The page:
No Good Deed

 

Susan Brassfield Cogan

 

 

"Do you believe in aliens?"

The O'Brien and Bengal Circus caravan had just barreled through Roswell, New Mexico on its way to the next show in Lubbock.

Fred, one of the candy and peanut butchers, the youngest guy in the group, had asked the question of the general crowd but only a few of the roustabouts and riggers seemed interested in the question which was met with "sure" or "nah" and not much else.

Fred was playing cards with Melissande. She studied her hand and ignored him. She usually went stone deaf when she was asked a question she didn't want to answer--which was most of them. Fred had made himself her best buddy and never gave up trying to pry personal information out of her.

Melissande was one of the midway acts. She just showed up one day last spring and O'Brien had hired her on the spot. Exhibiting freaks of nature was illegal most places now. No more Jojo the Dog-Faced Boy, no more bearded lady, no more Elephant Man, but Melissande, hideously deformed as she was, had a legit shtick -- she could read your future. Madame Melissande knows all sees all. Her eyes were different sizes and different colors and her hands were twisted bird claws. Her hair looked like it hadn't been combed in ten years. It was full of twigs and leaves like she slept in the woods. But the best part, the part that packed in the rubes, was her hunch back--big, twisted and loathsome--perfect for gawking.

Melissande was more than a curiosity to Fred. She was an enigma wrapped in a mystery. He always pushed to know more about her. He wanted to save her somehow, rescue her from a life of twisted torment. He'd ferreted through her things when she was busy wowing the townies and discovered she had a daughter in Ohio. He'd written to the girl weeks ago, but never heard back.

"So do you believe in aliens Melissande?" Fred insisted.

"Yes," she growled.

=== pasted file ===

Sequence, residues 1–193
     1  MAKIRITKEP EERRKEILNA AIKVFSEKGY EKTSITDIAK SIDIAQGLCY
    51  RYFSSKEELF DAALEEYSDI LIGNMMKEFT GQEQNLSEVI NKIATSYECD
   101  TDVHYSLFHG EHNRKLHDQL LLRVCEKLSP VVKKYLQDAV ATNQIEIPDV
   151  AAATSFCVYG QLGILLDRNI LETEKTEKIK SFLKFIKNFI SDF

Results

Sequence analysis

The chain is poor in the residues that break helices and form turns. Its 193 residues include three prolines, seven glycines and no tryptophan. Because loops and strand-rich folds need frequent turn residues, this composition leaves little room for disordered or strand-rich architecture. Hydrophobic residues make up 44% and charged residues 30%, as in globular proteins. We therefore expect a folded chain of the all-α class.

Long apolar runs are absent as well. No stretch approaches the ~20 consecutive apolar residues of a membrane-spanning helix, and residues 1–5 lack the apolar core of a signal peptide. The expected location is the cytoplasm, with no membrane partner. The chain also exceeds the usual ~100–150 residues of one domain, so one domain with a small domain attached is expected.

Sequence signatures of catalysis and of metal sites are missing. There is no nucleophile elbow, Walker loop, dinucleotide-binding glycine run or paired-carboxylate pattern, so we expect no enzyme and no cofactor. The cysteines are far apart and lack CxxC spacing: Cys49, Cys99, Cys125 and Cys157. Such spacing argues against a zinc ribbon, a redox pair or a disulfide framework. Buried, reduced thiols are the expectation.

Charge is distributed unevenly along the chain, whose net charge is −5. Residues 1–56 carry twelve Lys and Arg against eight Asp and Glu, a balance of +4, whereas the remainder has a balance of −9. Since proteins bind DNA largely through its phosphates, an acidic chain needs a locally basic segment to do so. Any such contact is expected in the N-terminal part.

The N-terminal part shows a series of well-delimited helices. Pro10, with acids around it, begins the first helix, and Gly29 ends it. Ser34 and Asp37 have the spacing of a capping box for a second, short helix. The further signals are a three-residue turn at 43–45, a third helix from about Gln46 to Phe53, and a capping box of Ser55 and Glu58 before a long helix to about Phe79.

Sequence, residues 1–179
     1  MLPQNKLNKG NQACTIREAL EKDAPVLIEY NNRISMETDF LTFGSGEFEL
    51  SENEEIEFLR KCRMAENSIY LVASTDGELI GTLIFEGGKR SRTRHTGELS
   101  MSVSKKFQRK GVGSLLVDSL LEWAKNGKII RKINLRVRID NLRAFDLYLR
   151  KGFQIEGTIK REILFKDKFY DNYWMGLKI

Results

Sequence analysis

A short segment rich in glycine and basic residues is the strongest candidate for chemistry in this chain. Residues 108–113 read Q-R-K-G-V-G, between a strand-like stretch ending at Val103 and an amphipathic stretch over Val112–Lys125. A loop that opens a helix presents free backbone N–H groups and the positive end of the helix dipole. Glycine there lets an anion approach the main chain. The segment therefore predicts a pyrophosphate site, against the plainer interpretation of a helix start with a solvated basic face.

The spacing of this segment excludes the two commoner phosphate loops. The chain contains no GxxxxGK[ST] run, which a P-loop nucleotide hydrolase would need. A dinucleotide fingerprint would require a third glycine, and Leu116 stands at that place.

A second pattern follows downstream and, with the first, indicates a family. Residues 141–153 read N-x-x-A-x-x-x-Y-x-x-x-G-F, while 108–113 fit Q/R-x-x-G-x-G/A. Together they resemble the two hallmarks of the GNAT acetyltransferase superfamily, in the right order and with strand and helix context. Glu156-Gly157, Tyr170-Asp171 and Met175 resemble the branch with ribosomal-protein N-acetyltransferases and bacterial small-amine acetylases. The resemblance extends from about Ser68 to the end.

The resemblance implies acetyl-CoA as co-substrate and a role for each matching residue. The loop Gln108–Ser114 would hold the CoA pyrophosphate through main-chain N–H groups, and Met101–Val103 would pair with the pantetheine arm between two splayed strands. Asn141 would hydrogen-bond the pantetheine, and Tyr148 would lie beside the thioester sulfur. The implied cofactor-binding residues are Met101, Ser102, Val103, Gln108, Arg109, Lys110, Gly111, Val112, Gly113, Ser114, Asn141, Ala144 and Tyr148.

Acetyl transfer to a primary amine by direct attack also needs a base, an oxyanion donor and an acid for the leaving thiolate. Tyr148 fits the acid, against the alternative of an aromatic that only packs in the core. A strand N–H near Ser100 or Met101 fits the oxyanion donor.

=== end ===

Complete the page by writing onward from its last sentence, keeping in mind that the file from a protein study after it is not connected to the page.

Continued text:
Fred, surprised at the answer drew a card. "How come?" he asked with elaborate unconcern. She smiled and didn't say anything. He guessed it was a smile. She pulled her lips back and exposed yellow stumps of teeth.

"Discard," she hissed. He had momentarily forgotten the cards in his hands. He glanced down, happy to look at something else and discarded. He shut up the rest of the way to Lubbock.

By the next afternoon the big top canvas had been unrolled and the polls organized. The roustabouts had set up most of the attractions. Fred knew Melissande always went into her dark little booth the minute it was ready. As soon as the main tent started going up, the rubberneckers came out in force. Melissande hid herself away until it was time to begin telling fortunes with her filthy, old cards. Any rube knew the more faded, the more outdated and more worn the cards, the more true the fortune, also the more deformed and ugly the fortuneteller the greater the thrill up the spine.

Fred spotted a young girl, about college age, maybe, picking her way through the poles and the cables. She didn't look like a regular townie. Fred was pretty sure he'd never seen her before but still, she looked familiar somehow. On a hunch he went up to her.

"Can I help you, Miss?" he asked. She had big beautiful eyes and long brown hair. She was a fresh as a peach.